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Preference for increasing wages: How do people value various streams of income?

  • Duffy, Sean
  • Smith, John

Prior studies have found that subjects prefer an improving sequence of income over a constant sequence, even if the constant sequence offers a larger present discounted value. However, little is known about how these preferences vary with the size of the wage payments. In each of our three studies, we find a relationship between the preference for increasing payments and the size of the payments. Further, our measure of the shape of the utility curve is not significantly related to this behavior. Our results roughly confirm an earlier theoretical prediction that the preference for increasing wage payments will be largest for payments which are neither very likely nor very unlikely to cover the cost of effort. Finally, consistent with the literature, we find mixed evidence regarding the applicability of these time preferences in domains other than money.

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File URL: http://mpra.ub.uni-muenchen.de/23559/1/MPRA_paper_23559.pdf
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Paper provided by University Library of Munich, Germany in its series MPRA Paper with number 23559.

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Date of creation: 28 Jun 2010
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Handle: RePEc:pra:mprapa:23559
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  8. Kapteyn, Arie & Federica Teppa, 2002. "Hypothetical Intertemporal Consumption Choices," Royal Economic Society Annual Conference 2002 111, Royal Economic Society.
  9. Tania Burchardt, 2005. "Are One Man’s Rags Another Man’s Riches? Identifying Adaptive Expectations using Panel Data," Social Indicators Research, Springer, vol. 74(1), pages 57-102, October.
  10. Catherine C. Eckel & Philip J. Grossman, 2008. "Forecasting Risk Attitudes: An Experimental Study Using Actual and Forecast Gamble Choices," Monash Economics Working Papers archive-01, Monash University, Department of Economics.
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  12. Gary Gigliotti & Barry Sopher, 1998. "Analysis of Intertemporal Choice: A New Framework and Experimental Results," Departmental Working Papers 199804, Rutgers University, Department of Economics.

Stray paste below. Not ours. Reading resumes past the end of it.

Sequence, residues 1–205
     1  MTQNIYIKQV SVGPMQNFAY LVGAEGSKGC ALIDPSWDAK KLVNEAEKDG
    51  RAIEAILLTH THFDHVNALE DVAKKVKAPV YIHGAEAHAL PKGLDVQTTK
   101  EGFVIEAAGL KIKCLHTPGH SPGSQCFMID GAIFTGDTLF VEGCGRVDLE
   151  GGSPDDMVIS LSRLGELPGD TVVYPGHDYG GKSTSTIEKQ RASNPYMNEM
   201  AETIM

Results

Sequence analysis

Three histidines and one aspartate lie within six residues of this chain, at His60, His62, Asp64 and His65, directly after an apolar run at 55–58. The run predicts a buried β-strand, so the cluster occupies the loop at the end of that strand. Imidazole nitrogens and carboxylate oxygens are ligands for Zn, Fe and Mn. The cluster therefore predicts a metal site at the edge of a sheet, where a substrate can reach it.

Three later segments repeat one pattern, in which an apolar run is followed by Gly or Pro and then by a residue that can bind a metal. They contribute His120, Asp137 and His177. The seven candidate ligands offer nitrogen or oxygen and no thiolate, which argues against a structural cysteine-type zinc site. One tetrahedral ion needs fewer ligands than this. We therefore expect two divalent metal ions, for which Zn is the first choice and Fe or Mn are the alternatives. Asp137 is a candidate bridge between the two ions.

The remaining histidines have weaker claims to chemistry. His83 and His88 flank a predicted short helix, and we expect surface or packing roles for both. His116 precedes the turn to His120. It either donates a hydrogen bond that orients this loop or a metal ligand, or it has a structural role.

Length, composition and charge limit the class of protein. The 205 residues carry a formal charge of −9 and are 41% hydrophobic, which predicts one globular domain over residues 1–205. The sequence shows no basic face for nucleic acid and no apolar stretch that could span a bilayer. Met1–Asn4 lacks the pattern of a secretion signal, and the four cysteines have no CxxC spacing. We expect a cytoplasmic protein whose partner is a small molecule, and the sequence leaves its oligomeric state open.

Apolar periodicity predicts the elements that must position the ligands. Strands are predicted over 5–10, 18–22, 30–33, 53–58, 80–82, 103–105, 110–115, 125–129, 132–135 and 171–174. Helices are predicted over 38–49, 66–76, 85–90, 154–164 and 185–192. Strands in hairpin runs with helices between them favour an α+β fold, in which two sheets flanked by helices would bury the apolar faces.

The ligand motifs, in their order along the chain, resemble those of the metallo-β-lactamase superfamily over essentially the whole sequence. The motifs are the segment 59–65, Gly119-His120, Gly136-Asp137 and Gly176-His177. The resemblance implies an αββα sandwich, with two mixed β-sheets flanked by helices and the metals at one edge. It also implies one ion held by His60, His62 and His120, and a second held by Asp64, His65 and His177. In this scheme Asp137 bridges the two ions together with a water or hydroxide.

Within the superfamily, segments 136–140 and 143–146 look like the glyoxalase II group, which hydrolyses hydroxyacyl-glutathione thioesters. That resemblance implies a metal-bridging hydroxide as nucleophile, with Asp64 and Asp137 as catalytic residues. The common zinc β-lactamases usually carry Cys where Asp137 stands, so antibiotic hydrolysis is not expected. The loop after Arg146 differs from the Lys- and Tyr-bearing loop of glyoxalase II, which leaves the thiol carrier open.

13. James L. Medoff & Katharine G. Abraham, 1980. "Experience, Performance, and Earnings," NBER Working Papers 0278, National Bureau of Economic Research, Inc.
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  16. John Smith, 2009. "Imperfect Memory and the Preference for Increasing Payments," Journal of Institutional and Theoretical Economics (JITE), Mohr Siebeck, Tübingen, vol. 165(4), pages 684-700, December.
  17. Di Tella, Rafael & Haisken-De New, John & MacCulloch, Robert, 2010. "Happiness adaptation to income and to status in an individual panel," Journal of Economic Behavior & Organization, Elsevier, vol. 76(3), pages 834-852, December.
  18. Barsky, Robert B, et al, 1997. "Preference Parameters and Behavioral Heterogeneity: An Experimental Approach in the Health and Retirement Study," The Quarterly Journal of Economics, MIT Press, vol. 112(2), pages 537-79, May.
  19. Gary Gigliotti & Barry Sopher, 1997. "Violations of Present-Value Maximization in Income Choice," Theory and Decision, Springer, vol. 43(1), pages 45-69, July.
  20. Christian Grund & Dirk Sliwka, 2007. "Reference-Dependent Preferences and the Impact of Wage Increases on Job Satisfaction: Theory and Evidence," Journal of Institutional and Theoretical Economics (JITE), Mohr Siebeck, Tübingen, vol. 163(2), pages 313-335, June.
  21. Chapman, Gretchen B., 1996. "Expectations and Preferences for Sequences of Health and Money," Organizational Behavior and Human Decision Processes, Elsevier, vol. 67(1), pages 59-75, July.
  22. Chetan Dave & Catherine Eckel & Cathleen Johnson & Christian Rojas, 2010. "Eliciting risk preferences: When is simple better?," Journal of Risk and Uncertainty, Springer, vol. 41(3), pages 219-243, December.
  23. Frank, Robert H. & Hutchens, Robert M., 1993. "Wages, seniority, and the demand for rising consumption profiles," Journal of Economic Behavior & Organization, Elsevier, vol. 21(3), pages 251-276, August.
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  25. Edward P. Lazear, 1999. "Personnel Economics: Past Lessons and Future Directions," NBER Working Papers 6957, National Bureau of Economic Research, Inc.
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